Pharmacological thromboprophylaxis can reduce the rates of thromboembolism in up to 80% of high risk surgical patients and therefore should be considered for all patients with colorectal cancer undergoing major surgery, unless contraindicated.[7] The use of in-hospital thromboprophylaxis strategies, including low molecular-weight heparin or unfractionated heparin, in conjunction with graduated compression stockings and intermittent pneumatic compression, has been demonstrated to significantly reduce in-hospital rates of thromboembolism.[5][8][9][10][11][12][13][14][15][16][17][18][19][20][21][22][23][24][25][26] Two recent Australian studies[27][28] have demonstrated that with good compliance to thromboembolic prophylaxis guidelines, the clinically diagnosed thromboembolism rate is very low in Australia with a 0.79% in-hospital venous thromboembolism (VTE) rate and an out of hospital VTE rate of 0.39% in the first 28 days[27] in one study, and a 4% 90 day VTE rate in a second study[28].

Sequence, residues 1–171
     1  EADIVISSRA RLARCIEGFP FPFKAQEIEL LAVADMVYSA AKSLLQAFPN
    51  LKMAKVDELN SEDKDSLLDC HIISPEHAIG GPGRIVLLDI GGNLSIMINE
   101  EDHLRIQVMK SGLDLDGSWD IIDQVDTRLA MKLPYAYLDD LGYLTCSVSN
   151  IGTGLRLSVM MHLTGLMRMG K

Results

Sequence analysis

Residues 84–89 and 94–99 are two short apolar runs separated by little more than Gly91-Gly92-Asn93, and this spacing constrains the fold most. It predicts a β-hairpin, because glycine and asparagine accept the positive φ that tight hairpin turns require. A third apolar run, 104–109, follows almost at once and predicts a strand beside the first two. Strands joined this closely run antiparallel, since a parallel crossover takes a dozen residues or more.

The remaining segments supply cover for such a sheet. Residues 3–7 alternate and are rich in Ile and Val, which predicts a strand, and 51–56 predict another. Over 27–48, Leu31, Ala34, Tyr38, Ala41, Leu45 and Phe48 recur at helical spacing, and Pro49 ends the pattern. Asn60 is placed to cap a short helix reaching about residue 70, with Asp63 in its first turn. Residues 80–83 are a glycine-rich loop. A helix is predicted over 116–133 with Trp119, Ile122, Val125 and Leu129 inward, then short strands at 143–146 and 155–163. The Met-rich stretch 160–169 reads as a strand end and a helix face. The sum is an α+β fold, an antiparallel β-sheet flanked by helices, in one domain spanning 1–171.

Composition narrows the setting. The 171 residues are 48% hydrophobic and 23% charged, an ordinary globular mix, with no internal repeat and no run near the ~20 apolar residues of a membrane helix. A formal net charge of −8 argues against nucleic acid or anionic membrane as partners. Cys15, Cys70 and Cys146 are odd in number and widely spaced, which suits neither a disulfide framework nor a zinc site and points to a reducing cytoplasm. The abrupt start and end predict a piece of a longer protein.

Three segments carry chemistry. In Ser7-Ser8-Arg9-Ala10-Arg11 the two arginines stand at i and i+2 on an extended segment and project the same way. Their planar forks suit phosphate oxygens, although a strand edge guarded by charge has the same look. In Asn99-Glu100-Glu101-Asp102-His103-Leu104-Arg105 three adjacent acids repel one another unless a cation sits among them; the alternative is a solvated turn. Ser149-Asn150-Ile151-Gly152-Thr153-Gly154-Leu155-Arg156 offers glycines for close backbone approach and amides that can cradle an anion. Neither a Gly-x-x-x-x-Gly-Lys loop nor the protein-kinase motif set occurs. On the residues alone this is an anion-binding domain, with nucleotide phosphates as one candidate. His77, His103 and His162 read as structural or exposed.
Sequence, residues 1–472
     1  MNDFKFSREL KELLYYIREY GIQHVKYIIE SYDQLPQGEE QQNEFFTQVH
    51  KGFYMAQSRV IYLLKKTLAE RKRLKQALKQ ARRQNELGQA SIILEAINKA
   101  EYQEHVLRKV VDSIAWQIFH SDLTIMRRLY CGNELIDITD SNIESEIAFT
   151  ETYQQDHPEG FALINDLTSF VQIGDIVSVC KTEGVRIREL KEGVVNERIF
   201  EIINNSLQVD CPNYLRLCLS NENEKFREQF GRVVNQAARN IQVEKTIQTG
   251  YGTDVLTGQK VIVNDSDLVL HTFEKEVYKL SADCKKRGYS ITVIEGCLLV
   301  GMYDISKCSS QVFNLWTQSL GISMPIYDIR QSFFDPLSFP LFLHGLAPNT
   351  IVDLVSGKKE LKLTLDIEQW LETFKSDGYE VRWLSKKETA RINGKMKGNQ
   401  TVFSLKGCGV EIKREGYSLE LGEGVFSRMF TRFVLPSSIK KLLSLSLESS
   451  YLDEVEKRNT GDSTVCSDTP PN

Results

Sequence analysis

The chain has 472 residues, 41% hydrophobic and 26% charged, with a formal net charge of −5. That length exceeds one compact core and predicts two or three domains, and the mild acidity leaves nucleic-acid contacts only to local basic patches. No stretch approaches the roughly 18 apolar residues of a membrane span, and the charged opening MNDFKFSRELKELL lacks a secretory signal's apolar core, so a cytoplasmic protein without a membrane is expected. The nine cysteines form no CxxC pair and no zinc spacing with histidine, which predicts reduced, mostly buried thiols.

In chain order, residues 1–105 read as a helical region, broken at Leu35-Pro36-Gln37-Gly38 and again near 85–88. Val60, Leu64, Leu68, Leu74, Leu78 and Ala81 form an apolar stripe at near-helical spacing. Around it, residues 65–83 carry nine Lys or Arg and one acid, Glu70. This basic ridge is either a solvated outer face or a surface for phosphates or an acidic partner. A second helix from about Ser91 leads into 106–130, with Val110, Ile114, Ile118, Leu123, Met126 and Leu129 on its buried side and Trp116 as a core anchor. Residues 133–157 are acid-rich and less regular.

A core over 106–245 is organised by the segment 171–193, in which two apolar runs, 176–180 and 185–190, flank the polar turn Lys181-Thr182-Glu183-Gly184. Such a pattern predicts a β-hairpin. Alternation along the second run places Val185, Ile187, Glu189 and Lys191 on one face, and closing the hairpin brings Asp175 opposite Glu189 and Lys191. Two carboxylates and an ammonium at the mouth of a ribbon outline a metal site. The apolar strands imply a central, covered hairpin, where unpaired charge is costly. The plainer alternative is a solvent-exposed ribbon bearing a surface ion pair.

There are data suggesting that the risk of thromboembolism extends beyond the in-hospital stay after major abdominopelvic surgery. A Cochrane review[29] analysing data from four Scandinavian studies published in 2009, suggested a 60% reduction in venography detected thromboembolism rates in patients undergoing abdominal or pelvic surgery who received extended prophylaxis compared to standard prophylaxis. The symptomatic thromboembolism rate was also significantly reduced, from 0.7% in the standard group to 0.2 % in the extended prophylaxis group.[29] Given this finding, recent expert guidelines have suggested extended prophylaxis for 28 days post surgery should be considered, particularly in high-risk patients.[30][31][32][33]. High-risk patients include patients aged over 60 years, those with operation times longer than two hours, patients with reduced mobility post procedure, and those with a past history of thromboembolism. The UK National Institute for Health and Care Excellence Guidelines go further and recommend extended prophylaxis for all patients having major cancer surgery in the abdomen and pelvis.[34] None of these guidelines are specific to colorectal cancer patients.